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The Bulletin’s Day Book

Well, Dorothy Thompson has been asked out of Germany because she couldn’t say “ja.”

Thus begins a new Nazi purge —a liquidation less spectacular, perhaps, than that June 30 blood bath which really was more in the nature of an animated “Advice to the Lovelorn” column than a move of any political significance, but certainly in many ways far more interesting as a commentary on the dominating forces now at work within Germany.

While Arthur Garfield Hays and his brethren go around paraphrasing Voltaire, proclaiming that “we detest your views but we will defend to the death your right to express them,” the objects of their tolerance have put into effect a more succinct rule of thumb. It runs something like this:

“Salaam—or scram.”

Miss Thompson, who has acquired full stature as an individual despite the fact that in private life she is Mrs. Sinclair Lewis, made the mistake of poking fun at Hitler in an article back in 1931, well before Nazism’s accession to power.

On that occasion she referred to Hitler as “a little man… whose countenance is a caricature… of a drummer-boy risen too high.”

This reference must have rankled and fermented in Adolf’s bosom these past three years, to the point where he simply had to do something about it.

We can picture him standing on tip-toe before the shaving mirror which for him constitutes a full-length glass, anxiously searching his reflection and gazing into his own eyes with a wistful “say-it-isn’t-so” expression.

“So I’m a little man, am I!” he mutters. He raises his right hand high in the air, so high that he can almost reach the edge of the chaise longue in his boudoir. “I’ll show her!”

“Call in my shoe-maker!” he roars to his personal maid. “Have him build me twenty pairs of new shoes, with the Frenchiest heels on the market! Nobody can call ME a little man and get away with it!

“Let’s see. What else can I do to get even? Well, I’ll speak to Goebbels. He has a better head for such things.”

“A pleasant young man in civilian clothes,” says Miss Thompson, handed her the official document which informed her she was persona non grata in the Reich.

There is a certain elemtn of mystery in this statement. Where was anyone able to find a full suit of civilian clothes in Nazi Germany? Here is something which deserves more thorough investigation. No recent photo emanating from Hitlerland has given any evidence whatsoever that such a thing exists there.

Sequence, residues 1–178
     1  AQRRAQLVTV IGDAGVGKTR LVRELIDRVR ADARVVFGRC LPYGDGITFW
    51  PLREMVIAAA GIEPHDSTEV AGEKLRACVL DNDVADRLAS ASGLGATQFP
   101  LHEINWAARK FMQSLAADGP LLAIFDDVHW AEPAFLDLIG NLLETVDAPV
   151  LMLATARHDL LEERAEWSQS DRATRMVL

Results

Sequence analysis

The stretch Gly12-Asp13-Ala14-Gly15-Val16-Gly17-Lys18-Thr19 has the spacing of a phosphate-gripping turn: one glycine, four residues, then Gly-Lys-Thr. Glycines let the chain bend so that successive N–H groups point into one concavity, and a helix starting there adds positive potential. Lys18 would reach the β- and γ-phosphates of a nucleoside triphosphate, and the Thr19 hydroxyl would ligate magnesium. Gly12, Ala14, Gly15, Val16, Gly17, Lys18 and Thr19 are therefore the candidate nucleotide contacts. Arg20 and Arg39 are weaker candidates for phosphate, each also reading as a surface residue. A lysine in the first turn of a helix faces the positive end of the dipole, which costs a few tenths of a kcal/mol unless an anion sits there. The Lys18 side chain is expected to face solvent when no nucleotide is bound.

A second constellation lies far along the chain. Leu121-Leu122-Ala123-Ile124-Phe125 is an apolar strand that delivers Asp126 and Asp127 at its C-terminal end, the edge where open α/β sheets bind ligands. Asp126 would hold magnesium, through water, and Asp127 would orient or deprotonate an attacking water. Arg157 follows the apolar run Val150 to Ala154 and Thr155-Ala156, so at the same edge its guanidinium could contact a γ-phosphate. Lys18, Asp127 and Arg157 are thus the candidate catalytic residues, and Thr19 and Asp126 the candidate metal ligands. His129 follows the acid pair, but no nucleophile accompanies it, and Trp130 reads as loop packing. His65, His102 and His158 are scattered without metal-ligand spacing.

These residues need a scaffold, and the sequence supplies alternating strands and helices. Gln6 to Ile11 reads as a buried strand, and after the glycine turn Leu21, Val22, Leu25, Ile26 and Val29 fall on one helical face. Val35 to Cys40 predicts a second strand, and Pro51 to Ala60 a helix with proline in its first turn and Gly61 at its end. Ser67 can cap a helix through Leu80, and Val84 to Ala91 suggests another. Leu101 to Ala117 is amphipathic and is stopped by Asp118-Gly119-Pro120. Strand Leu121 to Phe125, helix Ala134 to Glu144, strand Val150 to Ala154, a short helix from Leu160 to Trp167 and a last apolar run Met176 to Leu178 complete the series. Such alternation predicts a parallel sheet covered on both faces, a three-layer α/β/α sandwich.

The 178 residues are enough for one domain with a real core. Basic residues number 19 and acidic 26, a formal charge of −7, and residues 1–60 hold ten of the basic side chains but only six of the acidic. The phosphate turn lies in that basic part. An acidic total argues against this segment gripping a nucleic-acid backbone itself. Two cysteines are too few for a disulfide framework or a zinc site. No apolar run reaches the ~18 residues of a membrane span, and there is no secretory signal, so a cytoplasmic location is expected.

Perhaps the “pleasant young man” was being allowed to wear civilian clothes as a reward for his signal service to the state—something like the situation in the Czarist Russian army, in which wags insisted it was a real distinction to be a private.

Another interesting phase of the incident is the reaction of Miss Thompson’s colleagues of the foreign press. Frederick T. Birchall, in the New York Times, describes it as follows:

“Nearly the entire corps of American and British correspondents went to the railway station to see her off and wish her good luck. They gave her a great bunch of American beauty roses as a token of their affection and esteem.”

This, in case those dauntless men failed to realize it, was a dangerous gesture, unless it signified a “We who are about to die salute you” attitude.”

To present roses as a token of affection and esteem to someone who in 1931 referred to Hitler as “a little man” in itself constitutes the vilest sort of calumny against the German people.

Those newspaper men are much too insolent. They refuse to recognize the full meaning of the kindly warning which Miss Thompson’s ejection betokens. They deliberately take the pariah to their bosom and they even go to the railway station to wave goodbye to her.

We foresee a run on the Berlin American Beauty market. Here is an opportunity for some enterprising Berliner to start a new commercial enterprise, based on the forthcoming flood of reportorial departures.

He might call it the Service Bureau for the Accommodation of Farewell Parties to Non-Coordinated Members of the Foreign Press.

His field would be limitless. We can even suggest a tentative advertising circular to him:

“When you say goodbye, do it properly. Practical gifts will be more appreciated than frivolities.

“Most important of all to the departing correspondent is a bullet-proof vest. These we carry in quantity, and of every conceivable make and design.

“Candy to eat on the train, lemons to suck on the boat, articles from the gifted pens of George Sylvester Viereck and Ivy Lee, complete reprints of the Protocols of the Elders of Zion, handsomely bound editions of Der Stuermer— we can get them all for you wholesale.

“And incidentally, never forget that all of us are here today, gone tomorrow. Let us make reservations for you on the next boat.”

A. J. B.

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